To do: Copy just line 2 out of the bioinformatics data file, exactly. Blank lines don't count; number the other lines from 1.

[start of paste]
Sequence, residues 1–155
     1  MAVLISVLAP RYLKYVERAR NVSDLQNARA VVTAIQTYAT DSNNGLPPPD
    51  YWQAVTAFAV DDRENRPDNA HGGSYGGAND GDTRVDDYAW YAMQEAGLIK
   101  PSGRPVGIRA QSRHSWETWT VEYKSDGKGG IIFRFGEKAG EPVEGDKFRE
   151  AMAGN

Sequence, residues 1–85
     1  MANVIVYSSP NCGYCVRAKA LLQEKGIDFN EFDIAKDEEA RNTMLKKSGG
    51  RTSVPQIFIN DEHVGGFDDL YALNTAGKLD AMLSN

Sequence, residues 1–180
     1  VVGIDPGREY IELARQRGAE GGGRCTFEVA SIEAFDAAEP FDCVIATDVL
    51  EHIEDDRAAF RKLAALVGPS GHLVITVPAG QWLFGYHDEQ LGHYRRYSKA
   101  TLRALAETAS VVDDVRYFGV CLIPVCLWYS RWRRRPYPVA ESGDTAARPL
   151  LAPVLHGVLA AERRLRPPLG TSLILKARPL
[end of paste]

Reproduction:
     1  MAVLISVLAP RYLKYVERAR NVSDLQNARA VVTAIQTYAT DSNNGLPPPD